created 06/29/2003; revised 06/30/2015

Chapter 21 Programming Exercises

For these programming exercises, use only those instructions that have been discussed so far in these notes:

Basic Instructions
add div mflo slt, slti
addi divu mult sltu, sltiu
addiu j multu sra
addu lb nor srl
and lbu or sub
andi lh ori subu
beq lhu sb sw
bgez lui sh xor
bltz lw sll xori
bne mfhi    
la lw nop  
li move sw  

In the Settings menu of SPIM set Bare Machine OFF, Allow Pseudo Instructions ON, Load Trap File OFF, Delayed Branches ON, Delayed Loads ON, Mapped IO OFF, Quiet OFF.

In these programs do not set up a base register as has been done in previous chapters. Use the lw and sw instructions with symbolic addresses. Use mnemonic register names in your programs and use registers in their conventional ways.

*Exercise 1 — Horner's Method

(see Exercise 4 of chapter 15)

Evaluate the following polynomial using Horner's method:

ax3 + bx2 + cx + d

Now the values for the coefficients a, b, c, d as well as for x come from the .data section of memory:

x:      .word    7
a:      .word   -3
bb:     .word    3
c:      .word    9
d:      .word  -24
result: .word    0

Use the pseudoinstruction lw to get the coefficients from memory, and sw to write the result back to memory.

(Recall that the symbolic address b cannot be used in SPIM.)

Click here to go back to the main menu.

*Exercise 2 — Pair-wise Addition

Declare three arrays, each of the same size:

size     .word       7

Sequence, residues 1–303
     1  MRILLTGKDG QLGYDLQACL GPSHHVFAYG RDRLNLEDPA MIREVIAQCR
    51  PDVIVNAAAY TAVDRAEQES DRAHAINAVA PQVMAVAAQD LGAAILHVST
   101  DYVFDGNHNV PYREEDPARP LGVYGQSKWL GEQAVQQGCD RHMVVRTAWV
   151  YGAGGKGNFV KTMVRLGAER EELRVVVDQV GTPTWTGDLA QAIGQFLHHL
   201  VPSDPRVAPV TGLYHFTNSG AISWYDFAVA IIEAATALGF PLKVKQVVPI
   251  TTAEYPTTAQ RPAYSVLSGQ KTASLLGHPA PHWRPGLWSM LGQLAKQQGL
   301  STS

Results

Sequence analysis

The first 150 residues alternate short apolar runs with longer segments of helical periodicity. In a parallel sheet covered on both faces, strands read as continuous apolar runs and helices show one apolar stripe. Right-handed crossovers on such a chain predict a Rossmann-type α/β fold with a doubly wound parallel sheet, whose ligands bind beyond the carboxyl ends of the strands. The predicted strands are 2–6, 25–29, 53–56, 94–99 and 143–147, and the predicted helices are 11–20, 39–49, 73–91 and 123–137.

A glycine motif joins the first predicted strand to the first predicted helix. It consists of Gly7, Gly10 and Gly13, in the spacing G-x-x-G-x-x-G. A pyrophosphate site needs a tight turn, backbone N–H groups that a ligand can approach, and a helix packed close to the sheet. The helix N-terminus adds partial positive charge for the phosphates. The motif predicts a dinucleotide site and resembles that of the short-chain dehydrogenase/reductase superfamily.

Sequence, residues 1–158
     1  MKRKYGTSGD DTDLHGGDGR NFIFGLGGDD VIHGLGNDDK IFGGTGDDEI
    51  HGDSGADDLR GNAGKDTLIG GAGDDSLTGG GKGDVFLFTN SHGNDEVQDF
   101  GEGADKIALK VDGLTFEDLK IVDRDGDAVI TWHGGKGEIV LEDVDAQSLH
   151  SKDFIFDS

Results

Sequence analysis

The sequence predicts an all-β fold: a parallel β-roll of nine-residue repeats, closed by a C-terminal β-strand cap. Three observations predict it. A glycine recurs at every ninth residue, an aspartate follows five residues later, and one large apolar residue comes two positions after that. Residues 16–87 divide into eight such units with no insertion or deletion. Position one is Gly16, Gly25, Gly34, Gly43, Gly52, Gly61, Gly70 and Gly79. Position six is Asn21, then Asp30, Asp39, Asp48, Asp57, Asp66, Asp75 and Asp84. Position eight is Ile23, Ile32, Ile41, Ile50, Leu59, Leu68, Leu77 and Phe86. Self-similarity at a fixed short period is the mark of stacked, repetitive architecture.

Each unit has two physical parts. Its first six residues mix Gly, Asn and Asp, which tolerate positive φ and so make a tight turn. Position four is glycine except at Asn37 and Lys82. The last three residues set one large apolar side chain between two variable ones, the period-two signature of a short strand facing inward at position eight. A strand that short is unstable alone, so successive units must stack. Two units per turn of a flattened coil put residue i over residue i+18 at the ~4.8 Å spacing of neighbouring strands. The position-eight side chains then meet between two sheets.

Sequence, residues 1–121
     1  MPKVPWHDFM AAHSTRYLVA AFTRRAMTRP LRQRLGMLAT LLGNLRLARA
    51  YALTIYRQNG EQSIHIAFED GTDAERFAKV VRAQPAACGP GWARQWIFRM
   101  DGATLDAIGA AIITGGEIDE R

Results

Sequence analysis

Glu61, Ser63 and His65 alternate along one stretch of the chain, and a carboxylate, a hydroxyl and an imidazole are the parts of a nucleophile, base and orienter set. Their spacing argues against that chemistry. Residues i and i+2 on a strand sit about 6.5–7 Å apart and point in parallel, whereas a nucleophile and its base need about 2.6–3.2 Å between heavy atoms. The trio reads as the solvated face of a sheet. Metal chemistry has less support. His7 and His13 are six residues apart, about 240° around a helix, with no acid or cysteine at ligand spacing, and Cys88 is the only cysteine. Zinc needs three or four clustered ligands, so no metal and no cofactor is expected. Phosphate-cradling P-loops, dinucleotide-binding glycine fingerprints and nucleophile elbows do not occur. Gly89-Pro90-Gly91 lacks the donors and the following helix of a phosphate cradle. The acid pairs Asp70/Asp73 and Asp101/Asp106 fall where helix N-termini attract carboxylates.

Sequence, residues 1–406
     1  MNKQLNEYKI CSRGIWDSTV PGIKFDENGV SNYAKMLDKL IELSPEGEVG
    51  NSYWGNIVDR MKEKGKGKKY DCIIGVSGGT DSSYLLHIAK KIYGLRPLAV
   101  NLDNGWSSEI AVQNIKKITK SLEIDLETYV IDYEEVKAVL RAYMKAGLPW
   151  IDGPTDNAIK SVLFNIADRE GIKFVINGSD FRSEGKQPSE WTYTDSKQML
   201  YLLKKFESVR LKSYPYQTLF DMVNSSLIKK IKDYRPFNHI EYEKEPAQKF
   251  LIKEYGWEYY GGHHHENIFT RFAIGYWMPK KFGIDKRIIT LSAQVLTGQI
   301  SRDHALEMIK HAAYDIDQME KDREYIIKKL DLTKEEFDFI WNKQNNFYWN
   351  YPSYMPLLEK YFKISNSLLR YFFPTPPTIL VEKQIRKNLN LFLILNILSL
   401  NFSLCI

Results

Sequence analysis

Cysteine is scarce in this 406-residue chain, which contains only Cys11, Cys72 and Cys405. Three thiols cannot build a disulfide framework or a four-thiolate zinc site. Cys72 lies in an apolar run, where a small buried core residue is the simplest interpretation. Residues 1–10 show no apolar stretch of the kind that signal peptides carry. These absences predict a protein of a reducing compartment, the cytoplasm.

array1:  .word     -30, -23, 56, -43, 72, -18, 71
array2:  .word      45,  23, 21, -23, -82,  0, 69
result:  .word       0,   0,  0,   0,   0,  0,  0

Initialize a base register for each array (use the la instruction.) Now implement a loop that adds corresponding elements in the first two arrays and stores the result in the corresponding element of the result array. Do this by moving each of the three base registers to its next array element after each addition.

Click here to go back to the main menu.

***Exercise 3 — String Comparison

Declare two null-terminated strings:

result:  .word     0
string1: .asciiz   "puffin"
string2: .asciiz   "puffins"

Initialize a base register for each string (use the la instruction.) Write a program that sets result to 1 if the two strings are equal and to 0 if the strings are not equal.

Two strings are equal if they are the same length and contain the same character in each location. Otherwise the strings are not equal.

Test your program for a variety of strings. You will have to edit the data section of your program for each pair of strings tested.

Extra: write the program so that it does case insensitive string comparison. Here, two strings are equal if they are the same length and have the same letter (disregarding case) in each location.

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End of Exercises